Things that are NIAW: How to be your own advocate

Friday, April 28


As National Infertility Awareness Week comes to a close I wanted to encourage you to be your own advocate in regards to your fertility health.

There are so many reasons we need to be an advocate for ourselves and for our bodies. I will give you a few examples from my own life. I have been to the doctor a number of times for physicals. Each year they do the routine pap exam (though it's not as frequent anymore) and draw blood to check cholesterol, white blood cells, hematocrit, etc. FYI they don't (at least at my doctor) check vitamin levels unless you ask.

There have been a number of times I have gotten a call letting me know that my blood tests came back within the normal limits. That's great that my results are in the normal limits, but what if they were on the upper or lower limit of being normal. There was no way to tell just by what they said over the phone. Yet, all I have to do is ask them for a copy myself, and the clinic is required to share.

Another experience, last April I went into the doctor because I was told Vitamin B deficiencies run in families, and so I thought I should get checked out. The doctor I went to (not my normal doctor) didn't seem curious, and I got the vibe that he was annoyed with me wanting to know. He also told me that checking vitamins aren't always accurate and can be misleading. I thought, does that mean all of the blood tests that they do are then inconclusive?! He then said there have been studies shown that having thyroid issues can play a role on fertility and cause infertility. I for 1, already knew that and 2, my fertility doctor had already addressed that issue. After getting my blood drawn, I hadn't heard from them a few days after so I called to get my results and asked for a copy of my results. All vitamins (including my thyroid) were normal or even high, but my vitamin D was on the low end of normal, yet they told me everything was normal.

The last example is during our IVF cycles with our fertility clinic at every appointment they would do a follicle scan, and check my estrogen levels. There were several days where I would walk out of the clinic not knowing how many follicles I had, and when they called they wouldn't tell me my estrogen level. I had to ask them, every time. It can be tiring to ask every time and at every appointment. It is worth it to know how you progressed, so you can keep track and ask questions to the doctor if your IVF cycle happens to fail. Or for journaling purposes if your cycle is successful you can get an idea on how it went the last time. 

Here's a few ideas on how you can be an advocate for your own health:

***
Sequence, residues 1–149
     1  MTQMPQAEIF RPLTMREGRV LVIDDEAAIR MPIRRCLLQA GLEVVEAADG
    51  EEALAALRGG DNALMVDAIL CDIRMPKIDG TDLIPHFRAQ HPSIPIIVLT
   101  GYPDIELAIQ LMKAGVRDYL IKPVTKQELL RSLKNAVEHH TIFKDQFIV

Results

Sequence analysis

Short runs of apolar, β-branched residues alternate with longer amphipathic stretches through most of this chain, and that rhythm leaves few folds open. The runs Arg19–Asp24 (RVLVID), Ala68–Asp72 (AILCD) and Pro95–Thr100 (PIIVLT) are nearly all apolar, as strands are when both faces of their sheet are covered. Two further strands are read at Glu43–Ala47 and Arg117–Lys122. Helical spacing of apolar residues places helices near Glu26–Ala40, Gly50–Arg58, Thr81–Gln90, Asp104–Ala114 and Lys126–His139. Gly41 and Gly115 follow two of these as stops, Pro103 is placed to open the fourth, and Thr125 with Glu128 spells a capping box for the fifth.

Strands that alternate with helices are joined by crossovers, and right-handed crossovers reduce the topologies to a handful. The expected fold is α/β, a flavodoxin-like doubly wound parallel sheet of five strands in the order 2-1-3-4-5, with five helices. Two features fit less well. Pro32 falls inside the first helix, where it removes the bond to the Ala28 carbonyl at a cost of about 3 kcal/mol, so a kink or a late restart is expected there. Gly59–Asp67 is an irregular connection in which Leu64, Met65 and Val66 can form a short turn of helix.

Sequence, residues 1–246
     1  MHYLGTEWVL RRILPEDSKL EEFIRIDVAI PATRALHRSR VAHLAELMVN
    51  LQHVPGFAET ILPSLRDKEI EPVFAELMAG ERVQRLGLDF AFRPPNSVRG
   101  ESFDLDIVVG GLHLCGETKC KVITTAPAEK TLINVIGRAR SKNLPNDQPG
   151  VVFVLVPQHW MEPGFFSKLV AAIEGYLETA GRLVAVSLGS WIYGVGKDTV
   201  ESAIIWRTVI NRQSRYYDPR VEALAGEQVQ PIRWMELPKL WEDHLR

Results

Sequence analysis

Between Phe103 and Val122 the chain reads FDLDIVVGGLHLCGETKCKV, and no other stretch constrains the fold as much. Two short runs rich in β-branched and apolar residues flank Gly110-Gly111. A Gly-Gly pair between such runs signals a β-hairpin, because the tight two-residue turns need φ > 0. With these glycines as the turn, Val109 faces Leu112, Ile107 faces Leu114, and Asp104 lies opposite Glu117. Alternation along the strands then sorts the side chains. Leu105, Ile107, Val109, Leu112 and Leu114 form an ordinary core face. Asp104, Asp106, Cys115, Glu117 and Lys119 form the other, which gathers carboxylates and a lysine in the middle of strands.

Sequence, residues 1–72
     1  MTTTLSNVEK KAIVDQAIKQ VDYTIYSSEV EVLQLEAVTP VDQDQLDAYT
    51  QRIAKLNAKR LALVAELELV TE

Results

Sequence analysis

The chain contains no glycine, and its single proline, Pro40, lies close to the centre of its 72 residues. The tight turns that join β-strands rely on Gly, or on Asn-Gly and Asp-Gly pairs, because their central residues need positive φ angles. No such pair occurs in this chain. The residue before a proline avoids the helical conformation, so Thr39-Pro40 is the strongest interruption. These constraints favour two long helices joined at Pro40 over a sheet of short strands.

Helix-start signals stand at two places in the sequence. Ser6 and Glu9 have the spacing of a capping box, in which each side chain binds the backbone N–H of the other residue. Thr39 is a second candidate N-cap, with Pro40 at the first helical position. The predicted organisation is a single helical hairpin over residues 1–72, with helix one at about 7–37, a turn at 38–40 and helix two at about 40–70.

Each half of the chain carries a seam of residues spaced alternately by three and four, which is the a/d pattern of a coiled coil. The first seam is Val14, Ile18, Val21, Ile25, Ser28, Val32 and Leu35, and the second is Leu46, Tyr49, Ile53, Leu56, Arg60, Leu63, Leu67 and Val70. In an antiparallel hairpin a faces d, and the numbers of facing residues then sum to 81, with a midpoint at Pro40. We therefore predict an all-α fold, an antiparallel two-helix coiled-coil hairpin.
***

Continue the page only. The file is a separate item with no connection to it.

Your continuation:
1. Research the crap out of everything. It's important, and with how much information is on the internet you can find different things to try or bring up to your fertility doctor. They know a lot, and can carefully explain why they think it is or isn't a good idea.

2. Have a list of questions to ask your doctor. Use the support groups on FaceBook, ask your Instagram followers. You can check out BEATinfertility - Heather has created a support group app that isn't connected to Facebook. Be sure to ask for clarification on what certain procedures/tests are for so you fully understand them.

3. Take pen and paper to take notes. You could even record your visit with your doctor so you can reference back to it, and take more detailed notes.

4. After your visit, talk to your significant other about what was discussed. You want to make sure you have a plan that you both agree on. You can also pray about what was discussed and decide if moving forward is the right thing for you.

5. Speak up if you aren't comfortable with a test or procedure, or if you aren't ready to move forward with treatments. For example, I was very uncomfortable when I got a saline ultrasound and they tried to hurry as quickly as possible knowing how uncomfortable I was.

6. Ask a friend who has gone through it before to go to an appointment with you. It's also helpful if you feel you are too scared to ask questions or speak up on your own.

7. You can always, always get a second opinion. Sometimes it's nice to have a fresh set of eyes to scan through your chart.

8. AND last but not least, you can always switch doctors if you feel that you aren't being taken care of. 

How have you been your own advocate for your health?
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Email: runningwithinfertilityATgmail.com
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